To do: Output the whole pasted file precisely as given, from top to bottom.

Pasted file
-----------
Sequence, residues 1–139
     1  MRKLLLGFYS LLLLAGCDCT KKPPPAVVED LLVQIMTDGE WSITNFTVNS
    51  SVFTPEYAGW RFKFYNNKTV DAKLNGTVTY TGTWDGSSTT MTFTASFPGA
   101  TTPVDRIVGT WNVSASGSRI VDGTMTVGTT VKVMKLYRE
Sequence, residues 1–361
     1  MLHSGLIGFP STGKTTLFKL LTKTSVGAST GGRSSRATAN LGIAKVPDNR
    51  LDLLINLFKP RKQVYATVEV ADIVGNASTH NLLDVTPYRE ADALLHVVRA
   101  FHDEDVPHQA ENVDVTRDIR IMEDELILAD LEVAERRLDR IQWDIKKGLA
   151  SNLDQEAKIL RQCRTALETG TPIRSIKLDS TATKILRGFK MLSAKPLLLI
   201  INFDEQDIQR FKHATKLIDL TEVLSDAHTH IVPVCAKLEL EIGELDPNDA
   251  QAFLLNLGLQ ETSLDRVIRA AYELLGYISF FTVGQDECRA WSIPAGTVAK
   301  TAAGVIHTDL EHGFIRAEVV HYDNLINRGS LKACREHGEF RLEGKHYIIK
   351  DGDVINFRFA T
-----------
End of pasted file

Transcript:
Sequence, residues 1–139
     1  MRKLLLGFYS LLLLAGCDCT KKPPPAVVED LLVQIMTDGE WSITNFTVNS
    51  SVFTPEYAGW RFKFYNNKTV DAKLNGTVTY TGTWDGSSTT MTFTASFPGA
   101  TTPVDRIVGT WNVSASGSRI VDGTMTVGTT VKVMKLYRE
Sequence, residues 1–361
     1  MLHSGLIGFP STGKTTLFKL LTKTSVGAST GGRSSRATAN LGIAKVPDNR
    51  LDLLINLFKP RKQVYATVEV ADIVGNASTH NLLDVTPYRE ADALLHVVRA
   101  FHDEDVPHQA ENVDVTRDIR IMEDELILAD LEVAERRLDR IQWDIKKGLA
   151  SNLDQEAKIL RQCRTALETG TPIRSIKLDS TATKILRGFK MLSAKPLLLI
   201  INFDEQDIQR FKHATKLIDL TEVLSDAHTH IVPVCAKLEL EIGELDPNDA
   251  QAFLLNLGLQ ETSLDRVIRA AYELLGYISF FTVGQDECRA WSIPAGTVAK
   301  TAAGVIHTDL EHGFIRAEVV HYDNLINRGS LKACREHGEF RLEGKHYIIK
   351  DGDVINFRFA T